Notice they said the “only” documented one. I’m sure there have been lots over the years. What they should do is find his descendants the county should provide some form of payment to his relatives.

  2. Jerome Butler on February 11, 2020 at 3:31 pm

    I feel we should have a county holiday in his honor and if you don’t work for the county you should receive a payment for the average employee amount. Thank you

  3. StrugglesReal on February 11, 2020 at 5:10 pm

    Better late than never.

  4. Anonymous on February 12, 2020 at 5:42 am

    Some people should goggle his name and read the story of how he attempted to rape a young lady in leonardtown. If you ask me he got what was coming to him and now we are Memorializeing a rapist way to go st.marys county

  5. More democrat race baiting to maintain control on February 12, 2020 at 6:26 am

    So someone seriously thinks that scratching open a scab over a hundred years old is going to help race relations?

    How F’n stupid.

    How about listening to a few Candace Owens videos on Youtube.


  6. teacher on February 12, 2020 at 10:02 am

    Yes, what was the crime? This is part of the story too. Maybe he would have been hung eventually anyway for the crime, but the mob did not want to wait for due process. There also is a huge assumption that this happened 100% because the man was black. Depending on the crime, a mob could have done the same to a white man. I personally don’t think these things help at all to end racism. It just brings up awful things from the past, and stirs up fresh anger of blacks towards whites. Suppose I found out tomorrow that a black man murdered my white great-great-grandfather, and the man was never punished. There would be nothing positive coming out of that knowledge. It would just be frustrating and generate anger. Would I demand a monument be built to honor my great-great grandfather’s unjust murder? The only way for true healing is to forgive and forget, not keep remembering and reminding people of their ancestors past wrongs. Remembering and reminding just keeps opening up old wounds so they never heal. God created one man, Adam. We all descended from Adam, so we are all family. With family, we need to forgive and forget and pursue to do better.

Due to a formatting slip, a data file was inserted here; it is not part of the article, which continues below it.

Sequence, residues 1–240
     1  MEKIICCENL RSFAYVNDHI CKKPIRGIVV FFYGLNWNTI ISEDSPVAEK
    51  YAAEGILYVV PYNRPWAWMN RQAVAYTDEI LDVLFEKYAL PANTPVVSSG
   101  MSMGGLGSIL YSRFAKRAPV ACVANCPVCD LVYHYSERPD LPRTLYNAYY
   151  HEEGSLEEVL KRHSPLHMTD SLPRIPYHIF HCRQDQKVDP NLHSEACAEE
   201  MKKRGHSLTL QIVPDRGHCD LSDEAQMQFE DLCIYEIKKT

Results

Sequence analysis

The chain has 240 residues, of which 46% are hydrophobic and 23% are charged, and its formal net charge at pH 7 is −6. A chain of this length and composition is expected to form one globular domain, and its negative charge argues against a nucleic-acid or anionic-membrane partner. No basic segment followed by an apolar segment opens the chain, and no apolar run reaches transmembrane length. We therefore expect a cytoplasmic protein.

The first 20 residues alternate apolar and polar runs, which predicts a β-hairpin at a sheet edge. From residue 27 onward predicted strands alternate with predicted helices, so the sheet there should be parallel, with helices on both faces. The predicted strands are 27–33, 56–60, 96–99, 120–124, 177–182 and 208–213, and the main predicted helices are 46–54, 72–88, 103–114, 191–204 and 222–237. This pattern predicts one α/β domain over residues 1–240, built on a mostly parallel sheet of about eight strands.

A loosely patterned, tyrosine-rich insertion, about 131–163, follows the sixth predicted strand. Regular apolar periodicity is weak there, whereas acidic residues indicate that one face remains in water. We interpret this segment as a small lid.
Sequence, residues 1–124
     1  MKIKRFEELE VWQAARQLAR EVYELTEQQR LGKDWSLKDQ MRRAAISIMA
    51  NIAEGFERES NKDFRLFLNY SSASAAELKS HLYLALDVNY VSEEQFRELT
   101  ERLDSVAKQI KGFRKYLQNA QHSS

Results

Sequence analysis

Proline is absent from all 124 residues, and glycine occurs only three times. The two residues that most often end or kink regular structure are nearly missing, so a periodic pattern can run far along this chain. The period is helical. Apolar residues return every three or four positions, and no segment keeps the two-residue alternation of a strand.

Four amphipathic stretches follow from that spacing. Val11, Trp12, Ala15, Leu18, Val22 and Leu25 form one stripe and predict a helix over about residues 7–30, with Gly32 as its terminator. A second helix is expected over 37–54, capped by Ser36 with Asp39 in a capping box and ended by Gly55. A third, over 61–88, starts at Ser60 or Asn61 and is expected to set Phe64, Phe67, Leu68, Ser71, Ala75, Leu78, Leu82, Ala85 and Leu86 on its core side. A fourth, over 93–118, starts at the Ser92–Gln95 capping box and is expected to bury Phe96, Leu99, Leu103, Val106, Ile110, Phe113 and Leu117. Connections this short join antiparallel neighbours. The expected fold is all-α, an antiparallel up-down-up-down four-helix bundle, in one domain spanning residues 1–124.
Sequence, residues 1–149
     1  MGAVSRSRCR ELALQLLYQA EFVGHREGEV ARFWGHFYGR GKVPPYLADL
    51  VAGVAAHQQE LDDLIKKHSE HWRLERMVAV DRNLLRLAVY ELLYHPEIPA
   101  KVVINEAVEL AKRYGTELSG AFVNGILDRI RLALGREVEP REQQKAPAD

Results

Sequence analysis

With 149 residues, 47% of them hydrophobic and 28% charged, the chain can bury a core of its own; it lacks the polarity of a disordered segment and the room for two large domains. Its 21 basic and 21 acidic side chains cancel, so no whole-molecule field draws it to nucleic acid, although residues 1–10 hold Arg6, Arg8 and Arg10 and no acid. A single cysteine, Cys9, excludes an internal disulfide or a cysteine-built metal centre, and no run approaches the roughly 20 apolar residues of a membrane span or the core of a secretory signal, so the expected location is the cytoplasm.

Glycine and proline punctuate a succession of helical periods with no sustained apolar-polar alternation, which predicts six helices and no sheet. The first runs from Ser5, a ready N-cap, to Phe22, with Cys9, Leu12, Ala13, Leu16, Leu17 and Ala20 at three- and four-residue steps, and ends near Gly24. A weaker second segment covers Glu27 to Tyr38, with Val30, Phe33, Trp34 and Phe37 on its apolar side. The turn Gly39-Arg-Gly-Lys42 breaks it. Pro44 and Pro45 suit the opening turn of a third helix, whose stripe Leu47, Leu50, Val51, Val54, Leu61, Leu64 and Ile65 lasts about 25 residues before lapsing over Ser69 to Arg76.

7. Joe on February 12, 2020 at 10:59 am

    Way to pick that scab open…..

    • Nate B. Forrest on February 12, 2020 at 12:53 pm

      Right! The professional “victims” are back at it again. Let it go, you’ve already got affirmative action and the media on your side, even when you are wrong.

  8. Mary on February 12, 2020 at 3:16 pm

    Only documented one. I wonder how many went undocumented. Few hundred?

  9. Mike Simpson on February 12, 2020 at 4:13 pm

    Please stop wasting money on this nonsense and junking up the area with these ridiculous “memorials”. Put that crap in DC at the AA Museum, next to the crack rock display. Thanks!

    • Tea Bag King on February 13, 2020 at 8:04 am

      Yo Mike, usually the racists on here go by “anonymous”

      • Smoothie King on February 13, 2020 at 7:45 pm

        Mike wasn’t being racist, he was just being brutally honest. It’s unusual to see that in this era of so called political “correctness”. It’s refreshing.

  10. Anonymous on February 12, 2020 at 6:49 pm

    Why don’t you goggle his name and read the St.Mary’s archives and you can read about how he assaulted a young lady in the town of Leonardtown which happened to be the sheriffs daughter at the time. And now we’re doing a memorial wow I guess my tax dollars are paying for this

  11. Tracy on February 13, 2020 at 3:54 am

    Wow, not surprised but very interesting effort. Would love more background information.

  12. Dick on February 13, 2020 at 7:50 pm

    Who cares. This guy was a criminal and in the early years of our country that’s what happened. Get over it. He wasn’t very smart for messing with the Sheriffs daughter, now he is memorized. Should of picked a better person to memorialize, not a criminal with no significant relevance. Let’s put a memorial up at the Leonardtown CVS now, how many people died on that property?

    • Trevor Williams on February 14, 2020 at 3:58 pm

      Or, why not a memorial to the woman that died from the tainted stuffed ham at the church dinner in Chaptico? Stop putting up silly memorials to criminals because it makes liberals feel good.